in a separate e-mail response, Sime Darby acting president and group chief executive Datuk Mohd Bakke Salleh said the group's new management and the board were reviewing all joint-venture agreements to ensure that the interests of Sime Darby were safeguarded.

"Currently, there is no conclusion to end any joint venture. We regularly perform reviews of our businesses and joint ventures to ensure that they are still in line with our objectives. We are extracting the most value out of our partnerships," he added.

According to Bakke, the Bukit Jelutong venture would comprise retail space, shop offices, office suites and serviced apartments with gross built-up area of approximately 2.7 million sq ft.

It will be developed over five phases with the first phase scheduled for launch in July next year.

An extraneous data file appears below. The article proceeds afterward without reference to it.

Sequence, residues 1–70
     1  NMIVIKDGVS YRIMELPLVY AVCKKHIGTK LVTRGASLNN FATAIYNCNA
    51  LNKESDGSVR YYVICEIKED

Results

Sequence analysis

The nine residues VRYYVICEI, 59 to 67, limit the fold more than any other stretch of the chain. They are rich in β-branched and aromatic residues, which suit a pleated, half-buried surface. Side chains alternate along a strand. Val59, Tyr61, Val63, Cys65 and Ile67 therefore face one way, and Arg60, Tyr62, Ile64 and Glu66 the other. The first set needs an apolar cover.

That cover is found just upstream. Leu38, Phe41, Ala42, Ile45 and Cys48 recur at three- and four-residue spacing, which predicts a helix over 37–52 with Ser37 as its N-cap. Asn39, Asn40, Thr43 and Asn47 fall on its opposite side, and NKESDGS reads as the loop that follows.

"The project with a gross development value of RM1bil is expected to be completed in seven years from the launch of phase one."

Phase one will comprise retail space and offices; phases two and three will be retail, offices and serviced apartments; while the fourth and fifth phases will be retail and offices.

By The Star

More restrictions to ease property bubble?

The rising prices of houses is still one of the hot topics among average Malaysians as the threat of higher inflation is growing by the day.

The fact that Bank Negara had early this month imposed a lower loan-to-value ratio (LVR) for those taking up their third and subsequent mortgage loan shows the central bank also considers the situation quite worrying. Effective from Nov 3, house buyers who have already signed up for two mortgages and are applying for their third loan will only be eligible to get financing of up to 70% of the value of their house.